My Christmas day started (once I’d made my breakfast and hot drinks for the day) with a satellite phone interview with BBC Breakfast. I was on hold for a few minutes before the piece and caught the end of the weather forecast (conditions in Scotland and the north of England sounded less pleasant than here) and a nice story about Euston station serving Christmas lunches to more than 200 homeless people today. They interviewed Pip first (she called in via Skype so viewers saw her but I only heard her voice on a crackly line) and she became quite emotional after the last question. Then it was my turn, and despite a pang of guilt for putting Pip through all of this I tried to sound upbeat and cheery and festive. I think it went well.
A few minutes later, my beard got stuck in my zip as I donned my final Canada Goose layers to leave the tent, which was a first for me. It struck me – as I teased hairs out of plastic teeth – as quite a Christmassy problem to have; the sort of thing Santa must deal with regularly.
The forecast today was for fog and low cloud, but the weather could not have been more glorious. And for the first hour or so the surface was wonderfully flat too, until acres of minature sastrugi started popping up. The sunshine was the best Christmas present I could have hoped for today (except perhaps for a pop-up Italian restaurant at 89 degrees south) and the light was very special indeed. Someone left a comment a few days ago asking if I’d seen something Shackleton observed, ‘snowflakes yet that are finer and more like strands of hair’, and I think today I realised what both the commenter and the Boss himself were writing about, as the wind carried tiny ice particles through the air at speed, glinting and sparkling as they caught the sunlight. If I looked directly up at the sky, they occasionally appeared to be long, fine strands, but I’m almost certain this was an optical illusion. Either way, it was stunning; something I’ve never seen anywhere else on the planet, and it went some way to compensate for the effort and suffering it’s taken to get this far south.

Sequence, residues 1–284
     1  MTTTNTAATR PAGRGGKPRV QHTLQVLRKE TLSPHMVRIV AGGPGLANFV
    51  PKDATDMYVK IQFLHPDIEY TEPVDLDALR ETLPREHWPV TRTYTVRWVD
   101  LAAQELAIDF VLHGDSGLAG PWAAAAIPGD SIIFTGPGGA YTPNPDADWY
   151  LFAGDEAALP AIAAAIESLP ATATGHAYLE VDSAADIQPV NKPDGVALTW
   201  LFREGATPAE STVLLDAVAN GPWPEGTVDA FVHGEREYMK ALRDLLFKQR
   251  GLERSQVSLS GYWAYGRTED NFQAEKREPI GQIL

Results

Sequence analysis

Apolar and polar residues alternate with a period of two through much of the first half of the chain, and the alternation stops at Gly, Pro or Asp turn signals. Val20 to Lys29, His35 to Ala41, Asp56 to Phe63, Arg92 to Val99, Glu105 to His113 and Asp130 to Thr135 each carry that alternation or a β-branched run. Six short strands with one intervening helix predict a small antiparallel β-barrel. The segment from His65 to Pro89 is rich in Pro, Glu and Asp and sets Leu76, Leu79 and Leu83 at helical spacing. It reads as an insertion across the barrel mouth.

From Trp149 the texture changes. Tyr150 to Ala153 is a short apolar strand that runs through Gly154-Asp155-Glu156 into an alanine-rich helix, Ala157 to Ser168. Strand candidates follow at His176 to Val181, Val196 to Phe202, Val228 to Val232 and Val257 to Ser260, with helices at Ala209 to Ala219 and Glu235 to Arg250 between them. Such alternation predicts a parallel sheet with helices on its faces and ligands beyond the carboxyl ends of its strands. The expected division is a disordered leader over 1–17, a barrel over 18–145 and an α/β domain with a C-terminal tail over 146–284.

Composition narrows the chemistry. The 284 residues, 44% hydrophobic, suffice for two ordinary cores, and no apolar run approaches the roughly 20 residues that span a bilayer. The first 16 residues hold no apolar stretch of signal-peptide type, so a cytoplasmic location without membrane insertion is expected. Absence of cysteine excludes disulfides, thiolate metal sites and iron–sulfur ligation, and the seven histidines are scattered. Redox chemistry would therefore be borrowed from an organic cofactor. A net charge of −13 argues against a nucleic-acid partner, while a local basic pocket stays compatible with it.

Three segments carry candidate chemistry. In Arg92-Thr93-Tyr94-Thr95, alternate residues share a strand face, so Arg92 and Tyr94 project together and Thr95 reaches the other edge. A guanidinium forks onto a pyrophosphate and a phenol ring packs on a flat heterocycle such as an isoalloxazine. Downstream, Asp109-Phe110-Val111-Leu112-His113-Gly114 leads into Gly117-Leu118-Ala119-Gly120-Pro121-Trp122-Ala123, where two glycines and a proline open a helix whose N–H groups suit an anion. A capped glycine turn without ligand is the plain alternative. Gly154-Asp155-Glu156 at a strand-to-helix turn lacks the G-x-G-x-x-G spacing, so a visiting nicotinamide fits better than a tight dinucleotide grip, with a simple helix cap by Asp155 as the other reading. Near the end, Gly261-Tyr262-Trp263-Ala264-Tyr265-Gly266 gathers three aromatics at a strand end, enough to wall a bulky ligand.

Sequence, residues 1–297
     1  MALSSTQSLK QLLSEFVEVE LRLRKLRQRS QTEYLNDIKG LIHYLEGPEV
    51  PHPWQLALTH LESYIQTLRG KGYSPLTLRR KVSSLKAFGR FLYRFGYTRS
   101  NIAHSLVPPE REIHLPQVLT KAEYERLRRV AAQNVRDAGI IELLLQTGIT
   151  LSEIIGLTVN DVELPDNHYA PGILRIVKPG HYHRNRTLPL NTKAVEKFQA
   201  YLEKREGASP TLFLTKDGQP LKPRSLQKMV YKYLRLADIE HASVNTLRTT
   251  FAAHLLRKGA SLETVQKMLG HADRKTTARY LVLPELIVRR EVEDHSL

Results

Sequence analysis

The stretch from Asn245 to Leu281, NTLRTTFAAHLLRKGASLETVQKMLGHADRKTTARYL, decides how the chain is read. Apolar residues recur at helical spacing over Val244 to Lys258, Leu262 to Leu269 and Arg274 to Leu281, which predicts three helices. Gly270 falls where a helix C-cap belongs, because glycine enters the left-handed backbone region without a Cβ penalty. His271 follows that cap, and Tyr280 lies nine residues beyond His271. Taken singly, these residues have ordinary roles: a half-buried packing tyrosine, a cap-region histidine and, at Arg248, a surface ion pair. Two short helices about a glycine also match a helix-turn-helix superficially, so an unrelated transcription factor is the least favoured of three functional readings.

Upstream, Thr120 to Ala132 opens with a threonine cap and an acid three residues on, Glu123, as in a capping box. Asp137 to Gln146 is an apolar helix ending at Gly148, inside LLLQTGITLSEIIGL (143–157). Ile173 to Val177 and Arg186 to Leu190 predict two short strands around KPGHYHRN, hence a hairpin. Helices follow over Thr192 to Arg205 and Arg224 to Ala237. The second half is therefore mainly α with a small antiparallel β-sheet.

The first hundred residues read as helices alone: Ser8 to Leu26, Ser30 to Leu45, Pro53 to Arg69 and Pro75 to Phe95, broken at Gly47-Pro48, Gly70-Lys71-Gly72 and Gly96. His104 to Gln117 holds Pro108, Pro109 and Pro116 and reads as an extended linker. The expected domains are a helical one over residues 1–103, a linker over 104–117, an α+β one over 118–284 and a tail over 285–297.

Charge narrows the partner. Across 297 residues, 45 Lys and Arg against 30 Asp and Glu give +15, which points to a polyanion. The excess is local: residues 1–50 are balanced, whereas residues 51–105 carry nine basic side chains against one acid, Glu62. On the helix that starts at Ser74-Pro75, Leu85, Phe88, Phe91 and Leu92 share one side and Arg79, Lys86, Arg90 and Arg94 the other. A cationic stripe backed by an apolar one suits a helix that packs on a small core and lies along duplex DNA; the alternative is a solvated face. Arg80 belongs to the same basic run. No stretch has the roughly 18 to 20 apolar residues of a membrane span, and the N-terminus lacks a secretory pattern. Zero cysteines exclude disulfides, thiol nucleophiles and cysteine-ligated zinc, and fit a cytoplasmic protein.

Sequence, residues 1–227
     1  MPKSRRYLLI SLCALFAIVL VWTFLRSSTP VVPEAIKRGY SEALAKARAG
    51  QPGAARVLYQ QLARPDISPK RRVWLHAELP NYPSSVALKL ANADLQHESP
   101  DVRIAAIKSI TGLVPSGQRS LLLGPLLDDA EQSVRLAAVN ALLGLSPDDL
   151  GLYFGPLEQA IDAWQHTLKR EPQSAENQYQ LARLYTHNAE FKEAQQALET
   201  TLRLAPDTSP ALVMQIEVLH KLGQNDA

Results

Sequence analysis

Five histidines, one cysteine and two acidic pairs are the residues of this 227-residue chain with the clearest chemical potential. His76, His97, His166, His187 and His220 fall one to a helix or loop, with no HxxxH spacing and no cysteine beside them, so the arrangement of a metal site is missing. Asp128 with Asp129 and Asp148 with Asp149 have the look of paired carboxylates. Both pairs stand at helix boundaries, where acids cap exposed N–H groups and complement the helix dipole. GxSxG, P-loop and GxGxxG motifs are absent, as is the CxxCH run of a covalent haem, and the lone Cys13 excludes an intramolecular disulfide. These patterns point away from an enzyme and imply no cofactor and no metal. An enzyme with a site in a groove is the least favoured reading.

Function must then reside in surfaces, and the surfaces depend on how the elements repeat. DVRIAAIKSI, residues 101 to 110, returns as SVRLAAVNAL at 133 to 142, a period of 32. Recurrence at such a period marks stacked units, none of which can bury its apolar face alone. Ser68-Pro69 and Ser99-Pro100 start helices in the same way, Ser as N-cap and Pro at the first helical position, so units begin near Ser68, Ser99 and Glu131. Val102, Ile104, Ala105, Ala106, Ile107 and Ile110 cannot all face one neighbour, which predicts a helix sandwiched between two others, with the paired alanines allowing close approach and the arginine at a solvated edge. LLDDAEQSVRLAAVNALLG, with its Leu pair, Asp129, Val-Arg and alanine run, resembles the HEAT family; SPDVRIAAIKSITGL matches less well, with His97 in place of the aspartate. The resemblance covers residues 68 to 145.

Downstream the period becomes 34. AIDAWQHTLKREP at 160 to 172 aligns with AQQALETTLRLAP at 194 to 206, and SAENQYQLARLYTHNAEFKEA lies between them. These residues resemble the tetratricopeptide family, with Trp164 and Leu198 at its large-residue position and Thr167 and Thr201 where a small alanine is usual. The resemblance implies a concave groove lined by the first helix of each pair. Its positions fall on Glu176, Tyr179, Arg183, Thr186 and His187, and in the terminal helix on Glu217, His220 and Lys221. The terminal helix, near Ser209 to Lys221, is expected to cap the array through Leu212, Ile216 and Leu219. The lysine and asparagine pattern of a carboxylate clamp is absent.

Thank you for so many lovely Christmas messages – Pip emailed me many of your comments, and some of the familiar names in her message I haven’t heard from in two or three decades, so I’m glad you’re following on, and I hope you’ve all had a warmer and less laborious day than me today.
Lastly, the very best of luck to Kate in holding on to the Queen Mother trophy(!) and thank you to Belinda for your wonderful note in today’s food bag. It brought a lump to my throat, and I’m sending love and hugs to everyone at Manor House!